There is something unnerving about feeling that someone else has lived through your career before you’ve even had the chance. I myself have not starred in a much-loved children’s classic (unless you count an appearance as a TV weatherman in a Harry Potter film – you may have missed it if you coughed at the wrong moment). Nor indeed have I been in a string of war films (unless you count an appearance in the film version of Journey’s End – you may have missed it if you came in two minutes late).
Nevertheless, I am repeatedly informed – not always by people seeking to make money – that there are uncanny similarities between myself and the celebrated English character actor David Tomlinson, who starred in The Wooden Horse, Bedknobs and Broomsticks and, unforgettably, Mary Poppins.
I was not aware of these similarities as a child when I first saw Mary Poppins and encountered Mr Banks, that uprightly besuited incarnation of a certain kind of English gent. He was reserved and correct, treating his children with the same formality as he might a minor employee, until his triumphant Julie Andrews-engineered conversion, when he becomes the father everyone always wanted to have. I was remarkably lucky in this regard, having the sort of father who would theoretically be only too happy to engage in a spot of kite-flying if it would get him away from his desk for a bit.
So I knew Mr Banks, and I knew more broadly the work of David Tomlinson. He was the kind of mildly aristocratic English character actor I’ve always admired, in the same lineage as Simon Callow or Hugh Laurie. I had no idea that I was in some way retracing his showbiz steps, or at least I wouldn’t have if people didn’t keep pointing it out to me.
Among the people who oddly seem to believe in this Jupp-Tomlinson connection is David Tomlinson’s eldest son, also called David Tomlinson and a circuit judge. (I am not entirely sure what this is and intend to continue behaving myself well enough not to find out.) He saw me in the West End in a production of Tim Firth’s play Neville’s Island – a comedy where I played the alternately pompous and foolish Angus. It was the conviction of Tomlinson Jr upon leaving the theatre that this was just the sort of play Tomlinson Sr would have seen in back in the day, and that mine was just the part he would have played.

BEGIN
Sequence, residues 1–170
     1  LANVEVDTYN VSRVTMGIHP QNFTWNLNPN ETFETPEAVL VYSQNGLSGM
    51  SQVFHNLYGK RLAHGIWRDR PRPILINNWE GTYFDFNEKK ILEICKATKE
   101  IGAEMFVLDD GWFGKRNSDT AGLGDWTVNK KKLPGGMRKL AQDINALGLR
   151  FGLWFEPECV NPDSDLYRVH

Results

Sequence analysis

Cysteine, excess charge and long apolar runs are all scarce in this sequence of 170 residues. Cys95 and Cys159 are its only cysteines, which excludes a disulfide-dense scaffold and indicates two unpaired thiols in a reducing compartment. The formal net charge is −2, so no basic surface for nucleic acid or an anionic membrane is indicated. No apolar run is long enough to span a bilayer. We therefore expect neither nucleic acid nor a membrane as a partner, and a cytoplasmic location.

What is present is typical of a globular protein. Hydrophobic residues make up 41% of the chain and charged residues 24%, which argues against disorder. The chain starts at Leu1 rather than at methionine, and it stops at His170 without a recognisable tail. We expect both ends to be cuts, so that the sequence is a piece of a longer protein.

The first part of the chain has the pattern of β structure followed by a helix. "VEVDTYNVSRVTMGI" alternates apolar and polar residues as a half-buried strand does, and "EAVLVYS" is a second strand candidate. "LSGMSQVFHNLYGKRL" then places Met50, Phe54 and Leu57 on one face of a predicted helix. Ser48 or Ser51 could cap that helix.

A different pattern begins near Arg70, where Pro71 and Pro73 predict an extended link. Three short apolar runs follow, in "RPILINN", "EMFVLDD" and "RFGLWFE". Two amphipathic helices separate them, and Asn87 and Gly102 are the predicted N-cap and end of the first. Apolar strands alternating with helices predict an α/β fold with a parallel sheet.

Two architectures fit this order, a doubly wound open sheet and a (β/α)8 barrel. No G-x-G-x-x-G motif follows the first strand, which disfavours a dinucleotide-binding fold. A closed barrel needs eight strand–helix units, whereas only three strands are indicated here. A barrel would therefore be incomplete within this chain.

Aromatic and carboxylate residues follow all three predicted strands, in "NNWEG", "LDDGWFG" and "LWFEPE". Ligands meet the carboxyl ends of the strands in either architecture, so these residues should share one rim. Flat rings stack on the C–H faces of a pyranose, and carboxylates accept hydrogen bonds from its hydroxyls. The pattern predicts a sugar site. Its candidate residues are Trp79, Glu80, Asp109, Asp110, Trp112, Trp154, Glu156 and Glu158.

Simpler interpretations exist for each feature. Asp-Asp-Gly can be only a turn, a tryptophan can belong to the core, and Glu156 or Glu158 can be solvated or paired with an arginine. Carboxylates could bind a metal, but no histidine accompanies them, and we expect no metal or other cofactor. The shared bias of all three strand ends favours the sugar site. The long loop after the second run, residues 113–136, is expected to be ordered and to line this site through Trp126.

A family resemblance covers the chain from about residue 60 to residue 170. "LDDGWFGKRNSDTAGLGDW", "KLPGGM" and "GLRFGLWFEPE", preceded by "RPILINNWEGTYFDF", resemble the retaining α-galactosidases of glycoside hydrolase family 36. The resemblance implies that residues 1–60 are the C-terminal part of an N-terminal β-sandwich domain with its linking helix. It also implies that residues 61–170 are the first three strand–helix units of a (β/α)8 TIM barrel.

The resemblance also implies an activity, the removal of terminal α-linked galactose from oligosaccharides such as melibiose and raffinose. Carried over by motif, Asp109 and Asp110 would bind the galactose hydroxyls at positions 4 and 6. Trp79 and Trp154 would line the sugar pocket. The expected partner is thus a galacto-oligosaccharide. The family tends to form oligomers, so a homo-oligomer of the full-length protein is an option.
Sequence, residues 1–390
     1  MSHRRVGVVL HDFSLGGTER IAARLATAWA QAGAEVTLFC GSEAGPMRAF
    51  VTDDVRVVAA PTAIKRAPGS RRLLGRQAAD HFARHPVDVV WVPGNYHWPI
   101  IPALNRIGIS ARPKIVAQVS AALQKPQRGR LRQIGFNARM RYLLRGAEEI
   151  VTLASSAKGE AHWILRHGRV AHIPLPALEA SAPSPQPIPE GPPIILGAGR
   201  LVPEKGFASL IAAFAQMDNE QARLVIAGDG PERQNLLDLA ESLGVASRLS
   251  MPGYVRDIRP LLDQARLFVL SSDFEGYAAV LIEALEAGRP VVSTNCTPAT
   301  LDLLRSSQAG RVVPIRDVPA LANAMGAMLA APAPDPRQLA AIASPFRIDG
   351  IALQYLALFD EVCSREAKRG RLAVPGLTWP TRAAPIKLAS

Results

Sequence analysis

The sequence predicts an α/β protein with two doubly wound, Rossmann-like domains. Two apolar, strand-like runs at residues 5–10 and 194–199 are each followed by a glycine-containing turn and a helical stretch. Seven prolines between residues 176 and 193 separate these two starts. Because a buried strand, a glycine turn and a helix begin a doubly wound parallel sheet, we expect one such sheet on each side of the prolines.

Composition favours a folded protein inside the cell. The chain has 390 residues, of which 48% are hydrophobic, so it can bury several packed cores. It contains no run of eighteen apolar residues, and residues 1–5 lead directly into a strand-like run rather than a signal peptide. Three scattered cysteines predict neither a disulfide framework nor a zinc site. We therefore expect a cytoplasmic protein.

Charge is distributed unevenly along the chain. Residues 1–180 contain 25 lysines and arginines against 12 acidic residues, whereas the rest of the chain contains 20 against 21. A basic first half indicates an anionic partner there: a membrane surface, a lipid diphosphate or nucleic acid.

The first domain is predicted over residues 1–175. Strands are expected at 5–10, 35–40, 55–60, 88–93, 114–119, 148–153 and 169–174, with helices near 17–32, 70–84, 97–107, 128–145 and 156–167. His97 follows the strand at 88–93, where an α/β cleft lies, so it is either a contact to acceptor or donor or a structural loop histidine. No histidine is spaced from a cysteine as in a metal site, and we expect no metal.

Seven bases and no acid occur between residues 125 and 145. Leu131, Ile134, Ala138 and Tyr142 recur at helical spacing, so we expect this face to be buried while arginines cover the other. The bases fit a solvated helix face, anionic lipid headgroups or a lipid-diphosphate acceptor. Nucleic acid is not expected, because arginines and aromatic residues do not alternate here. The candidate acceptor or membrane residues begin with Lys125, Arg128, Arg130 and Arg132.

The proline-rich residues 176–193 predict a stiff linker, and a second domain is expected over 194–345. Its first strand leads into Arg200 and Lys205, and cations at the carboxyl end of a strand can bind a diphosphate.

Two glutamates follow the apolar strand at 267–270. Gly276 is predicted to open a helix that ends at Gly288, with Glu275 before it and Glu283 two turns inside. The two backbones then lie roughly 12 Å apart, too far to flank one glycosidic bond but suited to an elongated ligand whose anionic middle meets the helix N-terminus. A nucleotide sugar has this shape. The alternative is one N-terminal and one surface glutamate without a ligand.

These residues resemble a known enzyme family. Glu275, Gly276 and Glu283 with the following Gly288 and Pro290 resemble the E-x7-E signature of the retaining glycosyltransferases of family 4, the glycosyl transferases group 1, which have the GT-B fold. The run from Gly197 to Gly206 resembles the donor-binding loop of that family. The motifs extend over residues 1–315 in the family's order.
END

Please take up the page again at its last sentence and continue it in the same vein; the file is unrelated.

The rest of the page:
Another person convinced of the links between me and the great man is my long-standing writing partner and occasional friend James Kettle, who was watching Mary Poppins a few years back and apparently sat bolt upright (quite an event given his typically poor posture) with the epiphany that me and DT were, if not a vocal and physical match, then a jolly fine fit.
He then realised two things. Firstly, that David Tomlinson – in a rather quiet, unassuming and very English way – had a fascinating life story that he’d always kept rather quiet about. A story that involved moral, if not actual bigamy (Tomlinson’s own father kept twin households in London and Folkestone), moments of family tragedy involving the suicide of Tomlinson’s first wife, and a great struggle to build the right life for his third son, William, one of the first children in this country to be diagnosed with autism. All this to a backdrop of mid-20th century showbusiness, from the repertory circuit of British theatre to working alongside Walt Disney in California.
Secondly, James thought that the best way to tell this story was via a theatrical production in which I played all the parts. This produced a mixture of feelings in me, all of them negative. I knew I would miss the camaraderie of my fellow actors backstage, with their encouraging comments like “Have you had a callback for that TV job yet?” or “Everyone who works for that company is a bastard.” More than that, I knew that I was the only one who was going to have to learn all the sodding lines.
Nevertheless, here we are. Under the able tutelage of directing team Selina Cadell and Didi Hopkins, I am ready to present my David Tomlinson to the world. One of his sons said to James during the writing process that they were anxious not to interfere too much, recognising it was “his story”.
Of course, it’s much more their story than James’s – and yet it’s also all of our stories, because all of us – well, most of us – well, some of us, perhaps – can remember watching Mary Poppins in our childhood and thrilling to Tomlinson’s performance as blinkered, stuffy but ultimately lovable Mr Banks. I will endeavour to do all of our memories justice.